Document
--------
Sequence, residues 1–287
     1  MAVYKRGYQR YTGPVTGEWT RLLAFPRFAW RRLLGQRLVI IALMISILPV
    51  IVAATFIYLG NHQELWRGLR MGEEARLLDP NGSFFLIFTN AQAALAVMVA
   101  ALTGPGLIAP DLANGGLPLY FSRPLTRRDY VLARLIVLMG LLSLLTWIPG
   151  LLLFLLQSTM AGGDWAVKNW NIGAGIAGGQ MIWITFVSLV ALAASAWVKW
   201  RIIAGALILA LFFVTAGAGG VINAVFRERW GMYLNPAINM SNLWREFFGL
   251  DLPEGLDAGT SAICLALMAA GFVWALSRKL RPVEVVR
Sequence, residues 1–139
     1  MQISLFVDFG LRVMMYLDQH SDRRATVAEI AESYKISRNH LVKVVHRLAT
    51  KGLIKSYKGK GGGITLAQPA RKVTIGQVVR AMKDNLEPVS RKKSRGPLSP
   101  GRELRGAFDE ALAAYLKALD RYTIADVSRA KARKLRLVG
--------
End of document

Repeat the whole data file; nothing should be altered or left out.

Sequence, residues 1–287
     1  MAVYKRGYQR YTGPVTGEWT RLLAFPRFAW RRLLGQRLVI IALMISILPV
    51  IVAATFIYLG NHQELWRGLR MGEEARLLDP NGSFFLIFTN AQAALAVMVA
   101  ALTGPGLIAP DLANGGLPLY FSRPLTRRDY VLARLIVLMG LLSLLTWIPG
   151  LLLFLLQSTM AGGDWAVKNW NIGAGIAGGQ MIWITFVSLV ALAASAWVKW
   201  RIIAGALILA LFFVTAGAGG VINAVFRERW GMYLNPAINM SNLWREFFGL
   251  DLPEGLDAGT SAICLALMAA GFVWALSRKL RPVEVVR
Sequence, residues 1–139
     1  MQISLFVDFG LRVMMYLDQH SDRRATVAEI AESYKISRNH LVKVVHRLAT
    51  KGLIKSYKGK GGGITLAQPA RKVTIGQVVR AMKDNLEPVS RKKSRGPLSP
   101  GRELRGAFDE ALAAYLKALD RYTIADVSRA KARKLRLVG